Mother: A Gendered Concept

Mother is a woman who nurtures and cares for her children. Mother is a gendered concept, but can also refer to an older person or the slimy substance that forms during the fermentation of wine or cider.

A biological mother is the person who gave birth to a child, but there are many more types of mothers in our society: foster mothers, stepmothers, and adopted mothers all do “mothering” (taking care of their children) but have different experiences. Mothers are not just women who have children; they’re nurses, teachers, social workers, and countless other people who make the world a better place for everyone.

Although modern society may be more egalitarian than previous generations, there is still a strong expectation that mothers should perform intensive mothering behaviors with their children, especially in the early years of life (Bianchi, Robinson, and Milkie 2018; Centers for Disease Control and Prevention [CDC] 2014; Hsin and Felfe 2014). This type of motherhood can be physically, emotionally, and mentally exhausting and has been linked to higher levels of depression, anxiety, and postpartum distress in some women (Fomby and Musick 2018, Bobel 2004).

Many women have tried to challenge the expectations of intensive mothering and have created alternative parenting practices. For example, some mothers have started co-parenting or shared childcare with partners, which can be challenging because of differences in values and philosophies. Other women have chosen to remain childfree by choice and have found ways to nurture their own mental, physical, and emotional health through hobbies and relationships with friends. This is an important conversation to have because it’s important to recognize that not all women want to be mothers and that’s okay.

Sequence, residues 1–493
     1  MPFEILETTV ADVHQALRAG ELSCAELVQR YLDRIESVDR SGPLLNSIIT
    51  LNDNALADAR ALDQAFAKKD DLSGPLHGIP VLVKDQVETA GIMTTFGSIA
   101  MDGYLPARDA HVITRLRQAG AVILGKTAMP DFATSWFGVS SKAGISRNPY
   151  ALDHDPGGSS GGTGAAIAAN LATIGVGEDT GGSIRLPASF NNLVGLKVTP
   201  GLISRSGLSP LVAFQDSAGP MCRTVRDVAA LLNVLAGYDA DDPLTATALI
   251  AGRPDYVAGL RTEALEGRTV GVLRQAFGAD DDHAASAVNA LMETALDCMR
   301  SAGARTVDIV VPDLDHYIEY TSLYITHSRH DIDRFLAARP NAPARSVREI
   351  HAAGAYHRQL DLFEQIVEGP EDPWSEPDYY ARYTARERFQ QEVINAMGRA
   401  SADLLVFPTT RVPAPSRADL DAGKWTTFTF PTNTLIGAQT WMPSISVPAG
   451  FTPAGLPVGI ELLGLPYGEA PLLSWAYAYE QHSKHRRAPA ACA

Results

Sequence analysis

Throughout history, women have depicted their own experiences with and thoughts about motherhood in a variety of art forms. For example, painters such as Mary Cassatt and Vera Navarra have made artworks that celebrate maternal beauty and power. More recently, films such as Darren Aronofsky’s Mother! have challenged the way we think about motherhood through their use of symbolism and tone rather than a traditional plot.

In the US, most people say mom or mum when referring to their mothers. However, some countries and cultures have other words for mother, such as amma or ma’am in India, oma or ummi in Africa, and aai, amma, or mata in Thailand.

The definition of mother is constantly changing and evolving, as we strive to create a society that is both fair and just for everyone. In the meantime, it’s up to all of us to honor the diversity of our own motherhood and to support each other through this journey of life. If you have a mother, thank her for all that she does and show her how much you love her with hugs and kisses. If you don’t have a mother, remember that it’s never too late to be one of your own. Just be sure to make the world a better place so it’s a safe and wonderful place for all our future generations.